Tony Hawk’s videogame comes of age for mature skaters

Tony Hawk Pro Skater 1+2 is a remastered version of a video game series which began in 1999 on the Sony PlayStation.

Dr Indigo Willing is a sociologist and keen skateboarder.

The newly released Tony Hawk Pro Skater 1+2 videogame could help redefine ageing and masculinity in sport according to a Griffith University researcher.

Sociologist Dr Indigo Willing from the Griffith Centre for Social and Cultural Research says when the videogame originally debuted more than 20 years ago it vividly presented street skateboarding to mainstream audiences.

“Tony Hawk is the most well-known skateboarder in the world and hugely influential. I spoke to many skateboarders in their mid-30s to late 50s who said his videogame changed their lives. It not only introduced them to the sport, but to the lifestyle, music and culture.”

Dr Willing recently co-wrote a paper for Sport in Society about the Bones Brigade: An Autobiography documentary, which follows the rise of Tony Hawk and other pioneers of modern technical skating.

“What’s interesting about this film is these pioneers are now middle-aged men, but they continue to influence skating as a sport and lifestyle. This really challenges the assumption skateboarding is only for the young.”

Ageing gracefully in a youth dominated sport and sub-culture

Dr Willing said The Tired Video, a promotional video for a brand aimed at men in their 30s and above, was part of a trend acknowledging and reaching out to an ageing demographic.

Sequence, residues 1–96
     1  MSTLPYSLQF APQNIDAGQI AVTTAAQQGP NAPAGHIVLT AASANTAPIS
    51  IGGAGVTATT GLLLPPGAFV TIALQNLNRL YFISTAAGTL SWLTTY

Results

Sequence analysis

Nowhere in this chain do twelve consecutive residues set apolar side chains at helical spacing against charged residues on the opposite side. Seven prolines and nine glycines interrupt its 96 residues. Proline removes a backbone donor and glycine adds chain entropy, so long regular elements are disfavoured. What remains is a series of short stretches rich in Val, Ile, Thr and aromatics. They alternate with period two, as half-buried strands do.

“When we examined the video for a research paper, we saw these skateboarders modifying their tricks on street obstacles to pose a lower risk of injury. Often the tricks were slow and clumsy but presented with determination, humour and joy.

“In fact, the younger generation in the YouTube comments respected what they were doing, because they were having fun and that’s something people can relate to. It broadens the image of who can be a skater.”

Dr Willing said The Tired Video also offered a window into masculinity in sport, as the clips reveal how men film themselves to impress other men.

“With these ageing skaters we get an alternative masculinity which isn’t all macho. When men fail in sport, they’re giving themselves permission to experience greater emotional range and different ways to engage without pushing themselves to harm for the sake of winning.

“This video acknowledges that being average is totally fine and doesn’t make you any less of a skater. I think there is this bigger need for us to look at whether sport is just about winning or does failure present opportunities to learn and for others to learn from us.”

While Dr Willing expects Tony Hawk’s Pro Skater 1+2 on PlayStation 4, Xbox One and PC will find another receptive generation of young people, she hopes older and lapsed skaters take the opportunity to dust off their skateboards.


Photo: Dr Indigo Willing

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